Lisa Edelstein on 'Girlfriends' Guide To Divorce': 'It's been a wonderful experience'


After nearly 30 years in show business, Lisa Edelstein is finally, truly getting what she wants.

Three seasons into her starring turn on Bravo's "Girlfriends' Guide To Divorce" (the reality juggernaut's first scripted hit), Edelstein has expanded her role into one that also includes writing, producing and, soon, directing.

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"I'm trying to eek out every bit of this experience while it's happening," she told me when I sat down with her ahead of last week's season 3 premiere. And, though Edelstein credits her "awesome" female boss for giving her those opportunities, it's clear to see that her own professionalism and work ethic also probably had something to do with it.

When we chatted before a live Q&A with creative director Ramy Sharp and costume designer Cynthia Summers at Bloomingdale's flagship store in New York City, Edelstein was fighting a major cold. But, despite the clear rasp in her voice, the former "House" star proved more than game to sit through numerous interviews, all the while handing out fist bumps instead of potentially germ-filled handshakes.

I chatted with Lisa Edelstein about season 3 of "Girlfriends' Guide To Divorce," why it's connected with Bravo's reality TV-obsessed audience and taking on more responsibility behind the scenes.

See photos of Lisa Edelstein out and about:

Check out my full conversation with Lisa Edelstein below:

A new season of "Girlfriends' Guide To Divorce" is premiering. What's the feeling like right before new episodes are about to be seen by the public for the first time?

It's exciting! We work really hard. This job is very personal, and what the job requires of me -- in terms of my emotions and what I put into it -- is very exciting and wonderful, so I really look forward to telling those stories to the world. And that day has come!

"Girlfriends' Guide" and "Odd Mom Out" have proven to be Bravo's first real scripted hits after years of airing popular reality shows. What do you think people have connected with so much on your show?

For Bravo, we were their first scripted show, and it was a nice transition [from their reality programming], because it's still aspirational, still features fashion and focuses on this life that people like to peek into. But, at the same time, it's very raw and I think we can tell a more honest story than some of the reality shows can, because nobody's personal life is truly at risk. That's what fiction is so wonderful for. It was a really great opportunity for Bravo viewers to not have to change the channel when they wanted to see scripted programming.

Since the first season, your role on the show has expanded to include acting, writing and producing. What has that been like for you?

I have the most awesome boss in the world. Last year I co-wrote episode 203, and this year I wrote episode 303. I say that, and it's really a group effort -- it's not like me saying, "This is what Abby's going to do." No, I write it, they rewrite it, I write it, they rewrite it. It's a whole back and forth, and it was a great learning experience and opportunity.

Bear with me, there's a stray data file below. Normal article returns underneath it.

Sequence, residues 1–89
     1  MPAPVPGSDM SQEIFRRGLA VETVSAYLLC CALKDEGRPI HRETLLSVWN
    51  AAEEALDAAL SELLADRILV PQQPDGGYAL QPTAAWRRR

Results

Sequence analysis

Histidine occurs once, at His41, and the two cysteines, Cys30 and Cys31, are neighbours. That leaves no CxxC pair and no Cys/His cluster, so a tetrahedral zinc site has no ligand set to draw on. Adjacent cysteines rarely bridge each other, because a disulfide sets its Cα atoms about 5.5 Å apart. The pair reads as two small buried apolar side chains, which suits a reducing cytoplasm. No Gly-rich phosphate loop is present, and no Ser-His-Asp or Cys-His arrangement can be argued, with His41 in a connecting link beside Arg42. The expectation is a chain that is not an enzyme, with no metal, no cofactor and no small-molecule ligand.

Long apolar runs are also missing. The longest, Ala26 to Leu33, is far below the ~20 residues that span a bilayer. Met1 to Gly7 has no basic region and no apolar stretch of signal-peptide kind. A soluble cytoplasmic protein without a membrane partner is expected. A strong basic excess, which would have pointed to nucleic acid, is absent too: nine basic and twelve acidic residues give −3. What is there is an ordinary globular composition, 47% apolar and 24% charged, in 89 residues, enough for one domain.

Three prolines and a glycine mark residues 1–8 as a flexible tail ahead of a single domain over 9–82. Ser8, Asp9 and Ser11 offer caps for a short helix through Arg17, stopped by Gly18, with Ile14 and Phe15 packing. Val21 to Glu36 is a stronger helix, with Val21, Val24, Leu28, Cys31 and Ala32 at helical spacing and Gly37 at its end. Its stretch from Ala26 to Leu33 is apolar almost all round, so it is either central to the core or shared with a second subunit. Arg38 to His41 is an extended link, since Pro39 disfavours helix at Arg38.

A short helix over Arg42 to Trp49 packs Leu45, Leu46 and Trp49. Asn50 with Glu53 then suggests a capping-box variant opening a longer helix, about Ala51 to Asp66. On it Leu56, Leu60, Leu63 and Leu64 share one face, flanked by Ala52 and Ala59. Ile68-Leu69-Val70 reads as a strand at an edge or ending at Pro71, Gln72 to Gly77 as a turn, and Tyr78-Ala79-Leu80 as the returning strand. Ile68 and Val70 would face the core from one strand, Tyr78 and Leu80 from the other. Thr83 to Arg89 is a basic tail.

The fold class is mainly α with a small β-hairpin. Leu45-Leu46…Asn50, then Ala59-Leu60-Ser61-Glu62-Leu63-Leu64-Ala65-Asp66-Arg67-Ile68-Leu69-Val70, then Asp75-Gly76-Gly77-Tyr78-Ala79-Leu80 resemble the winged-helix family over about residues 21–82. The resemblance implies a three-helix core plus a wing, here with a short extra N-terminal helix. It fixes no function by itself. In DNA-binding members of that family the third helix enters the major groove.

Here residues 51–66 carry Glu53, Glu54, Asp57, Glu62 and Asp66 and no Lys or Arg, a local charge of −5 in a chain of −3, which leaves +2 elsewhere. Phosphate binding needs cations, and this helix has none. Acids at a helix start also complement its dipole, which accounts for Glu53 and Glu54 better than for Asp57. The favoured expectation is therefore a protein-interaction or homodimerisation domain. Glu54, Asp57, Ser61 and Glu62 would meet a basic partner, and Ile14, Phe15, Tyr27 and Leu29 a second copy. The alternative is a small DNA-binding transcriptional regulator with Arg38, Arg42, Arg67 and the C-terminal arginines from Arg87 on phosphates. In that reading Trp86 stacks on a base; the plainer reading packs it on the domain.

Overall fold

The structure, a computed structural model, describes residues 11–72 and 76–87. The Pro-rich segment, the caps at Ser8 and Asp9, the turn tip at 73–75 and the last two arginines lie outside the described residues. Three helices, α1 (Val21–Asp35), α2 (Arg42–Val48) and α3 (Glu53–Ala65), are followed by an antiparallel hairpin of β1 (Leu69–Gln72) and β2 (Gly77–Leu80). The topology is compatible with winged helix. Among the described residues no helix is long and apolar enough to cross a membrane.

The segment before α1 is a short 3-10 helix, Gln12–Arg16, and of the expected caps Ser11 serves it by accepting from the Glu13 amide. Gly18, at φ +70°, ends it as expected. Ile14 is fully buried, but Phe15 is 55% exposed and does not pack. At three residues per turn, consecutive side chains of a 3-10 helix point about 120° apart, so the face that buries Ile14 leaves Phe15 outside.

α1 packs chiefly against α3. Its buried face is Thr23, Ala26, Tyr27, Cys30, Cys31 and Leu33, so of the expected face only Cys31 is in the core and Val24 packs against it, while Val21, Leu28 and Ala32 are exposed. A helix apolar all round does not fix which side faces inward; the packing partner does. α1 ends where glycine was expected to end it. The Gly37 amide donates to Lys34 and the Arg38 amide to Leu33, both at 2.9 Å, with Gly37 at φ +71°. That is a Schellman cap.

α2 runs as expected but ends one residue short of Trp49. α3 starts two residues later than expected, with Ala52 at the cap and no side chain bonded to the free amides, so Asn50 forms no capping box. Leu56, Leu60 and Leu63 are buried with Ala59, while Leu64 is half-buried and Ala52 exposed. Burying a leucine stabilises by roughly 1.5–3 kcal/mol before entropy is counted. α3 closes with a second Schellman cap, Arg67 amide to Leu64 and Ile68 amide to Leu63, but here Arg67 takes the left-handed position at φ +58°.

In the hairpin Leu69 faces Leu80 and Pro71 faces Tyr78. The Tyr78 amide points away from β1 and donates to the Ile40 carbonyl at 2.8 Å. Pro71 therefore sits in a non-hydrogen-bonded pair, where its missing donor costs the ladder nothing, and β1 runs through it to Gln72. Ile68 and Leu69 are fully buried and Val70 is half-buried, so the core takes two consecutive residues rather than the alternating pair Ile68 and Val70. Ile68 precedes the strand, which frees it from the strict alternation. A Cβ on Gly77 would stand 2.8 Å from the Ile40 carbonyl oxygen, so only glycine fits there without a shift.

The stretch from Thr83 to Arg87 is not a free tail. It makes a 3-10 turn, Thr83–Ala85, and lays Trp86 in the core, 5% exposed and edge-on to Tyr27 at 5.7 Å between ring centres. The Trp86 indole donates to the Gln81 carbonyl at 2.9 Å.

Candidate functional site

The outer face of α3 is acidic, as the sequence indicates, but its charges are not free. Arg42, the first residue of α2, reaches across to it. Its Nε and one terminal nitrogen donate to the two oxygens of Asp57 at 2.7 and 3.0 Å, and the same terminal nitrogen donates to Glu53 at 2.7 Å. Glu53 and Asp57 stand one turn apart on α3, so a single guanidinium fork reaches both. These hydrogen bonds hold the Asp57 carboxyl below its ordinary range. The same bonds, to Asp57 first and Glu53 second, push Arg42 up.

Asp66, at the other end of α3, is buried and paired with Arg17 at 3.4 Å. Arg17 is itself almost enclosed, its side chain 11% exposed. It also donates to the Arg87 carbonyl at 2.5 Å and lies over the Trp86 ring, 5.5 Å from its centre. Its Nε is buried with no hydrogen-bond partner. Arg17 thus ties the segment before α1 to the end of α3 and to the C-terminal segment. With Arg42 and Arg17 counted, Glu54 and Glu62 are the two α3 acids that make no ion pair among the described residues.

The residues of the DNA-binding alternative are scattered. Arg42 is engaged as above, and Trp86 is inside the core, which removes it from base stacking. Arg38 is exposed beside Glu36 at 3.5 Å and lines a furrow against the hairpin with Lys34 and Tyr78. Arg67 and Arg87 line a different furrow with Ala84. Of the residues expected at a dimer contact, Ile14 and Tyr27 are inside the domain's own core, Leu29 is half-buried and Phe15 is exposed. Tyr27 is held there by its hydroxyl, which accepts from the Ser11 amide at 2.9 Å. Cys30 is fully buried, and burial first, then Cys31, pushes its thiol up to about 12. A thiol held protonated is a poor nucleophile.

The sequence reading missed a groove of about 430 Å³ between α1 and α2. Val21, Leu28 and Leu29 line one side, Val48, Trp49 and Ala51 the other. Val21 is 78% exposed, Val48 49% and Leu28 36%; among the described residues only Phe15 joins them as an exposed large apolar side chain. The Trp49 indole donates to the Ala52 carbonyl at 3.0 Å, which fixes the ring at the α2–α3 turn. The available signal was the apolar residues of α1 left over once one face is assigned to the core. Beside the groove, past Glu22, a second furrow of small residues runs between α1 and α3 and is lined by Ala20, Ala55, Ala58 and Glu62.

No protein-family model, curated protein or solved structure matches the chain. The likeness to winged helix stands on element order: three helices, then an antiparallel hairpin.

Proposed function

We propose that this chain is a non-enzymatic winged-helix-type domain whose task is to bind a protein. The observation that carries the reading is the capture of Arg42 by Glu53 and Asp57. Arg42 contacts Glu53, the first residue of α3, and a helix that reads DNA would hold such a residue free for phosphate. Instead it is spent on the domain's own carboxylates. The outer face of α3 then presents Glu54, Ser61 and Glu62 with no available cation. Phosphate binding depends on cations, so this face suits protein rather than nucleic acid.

I'm directing in season 5, I'm producing, and that's all because I have this awesome female boss, who's just psyched about women and psyched about giving people opportunities that they're looking for. For me, it's an experience of ambition in the greatest sense. Not the ugly side of ambition -- where you'll do anything [to get ahead] -- but the side where it's like, "If you want to try this, it's available to you."

And, though it shouldn't be at this point, in some ways that's still sort of a groundbreaking idea.

It's amazing! I want. I want because I'm a grown-up, and I've been doing this for 30 years and because you would hope that in any industry, after 30 years, you get more responsibility. In this case, that's what happened. I don't know what's next, but I'm trying to eek out every bit of this experience while it's happening.

As has been mentioned a lot, I'm sure, the show has been picked up through season 5, which will be the official end of the show. What's the sensation like of knowing where and when a show is going to end so far in advance?

For a TV show, knowing where it's going to end is a very powerful tool, because most of the time you're just waiting to find out whether or not you're picked up. So, you keep telling these stories that will leave people hanging. Now, we have three seasons to tell a really beautiful arc and a journey, and as creators that's a really wonderful gift. As actors, too, it's also wonderful, because we know when we're available. If someone is doing a project, we can say, "This is when I'm done." You're not waiting to find out anything.

At the same time, though, we've built this family, and it's going to be very hard to let that family go. It's been a wonderful experience. This crew has been amazing, and my fellow actors are generous and warm and smart and funny, so that in itself is always going to be sad.

This interview has been edited and condensed.

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